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Lariam (Mefloquine)

The spinal nerves are numbered according to the vertebrae where they emerge. There are twelve pairs of nerves very similar to these which come directly off the brain, and emerge through holes in the skull, or cranium. Hence they are called cranial nerves. They are both numbered and named. Medical students are forced to memorize a most discouraging number of facts. For aid they often resort to doggerel, some of it vulgar, for vulgarity is often closely associated with the facts of life. The cranial nerves, however, are memorized by the aid of verse chaste enough to be safely quoted here.
Animals vary greatly in the comparative size and usefulness of different nerves. Most wild animals find the sense of smell absolutely necessary for their existence. Without it they would have practically no defense against their enemies. A dog kept as a pet could probably get along, but he would have a very sad time.
Smell in humans is not much more than a luxury, although it does take part in taste and has considerable effect on our digestive system. It is evident that our smelling apparatus is very inefficient. It takes a strong odor, from the point of view of an animal, even to make us aware of its presence and our smelling is quickly fatigued. The delicate fragrance of flowers, for instance, soon ceases to be noticeable if we stay with it.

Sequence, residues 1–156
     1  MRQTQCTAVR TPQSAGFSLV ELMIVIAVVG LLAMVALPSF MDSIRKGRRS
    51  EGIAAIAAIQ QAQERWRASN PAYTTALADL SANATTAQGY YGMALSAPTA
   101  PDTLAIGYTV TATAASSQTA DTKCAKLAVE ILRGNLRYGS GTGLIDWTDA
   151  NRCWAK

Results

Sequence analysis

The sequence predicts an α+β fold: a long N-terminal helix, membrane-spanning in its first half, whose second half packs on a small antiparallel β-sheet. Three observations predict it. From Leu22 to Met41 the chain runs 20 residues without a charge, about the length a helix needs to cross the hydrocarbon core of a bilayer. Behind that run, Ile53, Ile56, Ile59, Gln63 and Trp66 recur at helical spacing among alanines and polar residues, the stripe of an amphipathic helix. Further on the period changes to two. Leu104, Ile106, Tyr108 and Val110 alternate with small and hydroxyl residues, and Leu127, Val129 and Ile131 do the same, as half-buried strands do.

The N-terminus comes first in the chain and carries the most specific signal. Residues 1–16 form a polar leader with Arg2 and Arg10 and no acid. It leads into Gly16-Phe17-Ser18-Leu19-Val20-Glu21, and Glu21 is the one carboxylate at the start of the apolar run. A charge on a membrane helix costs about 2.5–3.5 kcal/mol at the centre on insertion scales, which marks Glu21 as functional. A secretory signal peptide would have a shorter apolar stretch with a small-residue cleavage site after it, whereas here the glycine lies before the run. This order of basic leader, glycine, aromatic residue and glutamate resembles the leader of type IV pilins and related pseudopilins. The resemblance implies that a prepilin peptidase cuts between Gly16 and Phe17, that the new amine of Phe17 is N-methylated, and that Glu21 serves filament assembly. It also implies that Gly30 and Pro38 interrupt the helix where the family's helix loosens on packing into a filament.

On the other hand, sight is highly important to us and our optic nerve is a large and efficient one. Our facial nerve is a busy one, for the muscles of our face are many and active. When someone commented on the old features of David Garrick, the actor, Samuel Johnson replied that it was natural, for Davy’s features had much more wear and tear than other men’s’. The sensations and motions of our mouths and throats are so many and important that the nerve supply here is great. Our acoustic or hearing nerve is undoubtedly sluggish as compared with those of most animals. The answer to all this, of course, is that for our purposes our nerves do pretty well, but we could not compete with the animals in the struggle for life if the outcome depended on what we can do with our nerves.

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